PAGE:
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12 Dec 2023

UAE: Climate-induced migration leaves workers 'doubly impacted' in hot & dangerous conditions, incl. in gig & renewable sectors, finds NGO; incl. cos responses


Photo: Sam Nabi
Hosting this peak global conference in a climate and rights abusing state was bad enough. Equidem’s research starkly reveals that the UAE is failing on almost every metric of the UN’s own human rights benchmarks for addressing climate change through the COP process.
Mustafa Qadri, CEO of Equidem

In November 2023, Equidem released a report, titled “Unjust Transitions: Climate Migration, Heat Stress, and Labour Exploitation in the United Arab Emirates”, exploring alleged human rights violations against migrant workers in the renewable energy sector, the gig sector, and in Expo City Dubai, where COP28 will be held this year. The findings are based on correspondence with 248 workers and interviews with 102 workers, in investigations carried out between February 2023 and October 2023.

The report finds 57% of workers interviewed came from climate impacted regions of Asia or Africa, suggesting people are migrating for work due to climate impacts in origin countries. Upon arrival, workers experienced a range of abuses, including:

  • Discrimination – 41% of workers reported experiencing discrimination due to their nationality.
  • Unsuitable or unsanitary living conditions – 77% of workers reported living in overcrowded accommodation.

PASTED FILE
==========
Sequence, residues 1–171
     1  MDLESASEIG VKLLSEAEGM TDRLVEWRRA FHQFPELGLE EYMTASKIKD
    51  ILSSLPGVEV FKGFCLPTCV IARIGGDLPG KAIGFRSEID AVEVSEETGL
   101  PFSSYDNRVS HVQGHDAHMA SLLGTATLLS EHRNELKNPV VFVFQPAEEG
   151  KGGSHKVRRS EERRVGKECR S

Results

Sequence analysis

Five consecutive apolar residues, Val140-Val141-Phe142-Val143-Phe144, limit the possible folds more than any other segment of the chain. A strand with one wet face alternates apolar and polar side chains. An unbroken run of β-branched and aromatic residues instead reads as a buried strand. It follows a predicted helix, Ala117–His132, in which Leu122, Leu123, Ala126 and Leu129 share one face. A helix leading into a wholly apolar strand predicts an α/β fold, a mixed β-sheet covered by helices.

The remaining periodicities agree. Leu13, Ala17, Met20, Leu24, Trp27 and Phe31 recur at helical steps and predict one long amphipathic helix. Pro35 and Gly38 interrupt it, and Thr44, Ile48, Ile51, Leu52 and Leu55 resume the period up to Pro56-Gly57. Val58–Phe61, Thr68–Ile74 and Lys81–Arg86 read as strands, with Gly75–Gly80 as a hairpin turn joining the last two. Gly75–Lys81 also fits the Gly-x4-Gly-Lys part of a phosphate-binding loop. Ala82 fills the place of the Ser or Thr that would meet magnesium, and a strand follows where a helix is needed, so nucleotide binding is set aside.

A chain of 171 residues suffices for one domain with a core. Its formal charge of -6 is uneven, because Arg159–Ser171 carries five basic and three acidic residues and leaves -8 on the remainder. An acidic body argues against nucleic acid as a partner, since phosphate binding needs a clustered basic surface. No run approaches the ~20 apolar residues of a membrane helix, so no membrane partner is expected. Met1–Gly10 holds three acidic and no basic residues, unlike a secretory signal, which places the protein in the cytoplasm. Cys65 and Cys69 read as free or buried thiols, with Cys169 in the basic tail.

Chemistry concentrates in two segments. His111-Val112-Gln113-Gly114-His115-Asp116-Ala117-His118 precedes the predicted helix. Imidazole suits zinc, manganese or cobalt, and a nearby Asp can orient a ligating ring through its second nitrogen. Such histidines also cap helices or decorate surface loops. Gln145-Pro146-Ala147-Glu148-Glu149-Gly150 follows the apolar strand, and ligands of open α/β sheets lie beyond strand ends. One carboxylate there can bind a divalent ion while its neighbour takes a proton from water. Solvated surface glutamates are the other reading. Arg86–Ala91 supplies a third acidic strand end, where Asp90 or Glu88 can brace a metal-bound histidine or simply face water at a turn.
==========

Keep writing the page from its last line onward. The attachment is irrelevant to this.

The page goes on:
• Limited access to food and low wages – 83% of workers from Africa and Asia reported being unable to afford nutritious and health food. 40% of workers said they were skipping meals.

The report finds workers are ‘doubly impacted’ by the climate crises: by migrating due to climate change, and then facing exploitation and long hours in extreme heat upon arrival.

These rights violations take place against a backdrop of racially delineated exclusion from labour rights protections, denial of freedom of association, and authoritarian suppression of dissent in the UAE.

Other labour rights violations found in the report include violence, wage theft, heat exposure, occupational health and safety violations, exploitative recruitment practices, unreasonable working hours, and inadequate channels for workers to seek remedy following abuse, alongside other violations.

Among those reportedly impacted are migrants employed by Talabat subcontractors, Siemens Energy subcontractors, and workers employed by companies in Expo City Dubai. Workers employed at several large renewable energy projects, including Mohammed bin Rashid Al Maktoum Solar Park, Al Dhafra Solar Power Project, Noor Abu Dhabi Solar Plant, and Sir Bani Yas Wind Farm Project also experienced rights abuse.

In December 2023, the Business and Human Rights Resource Centre invited Expo City Dubai, Siemens Energy, and Talabat to respond to allegations of exploitative working conditions linked to their operations or supply chains; to outline the steps they take to ensure the human rights of migrant workers in their operations and supply chains are respected, including those employed by subcontractors; and, to outline the steps they have taken or will take to provide assistance, financial or otherwise, to the impacted workers. Responses from Expo City Dubai, Siemens Energy and Talabat responses can be read in full below.

Launch video: Unjust Transitions: Climate Migration Heat Stress and Labour Explotation in the United Arab Emirates

Company Responses

Siemens Energy AG View Response
Dubai Expo City View Response
Talabat (part of Delivery Hero) View Response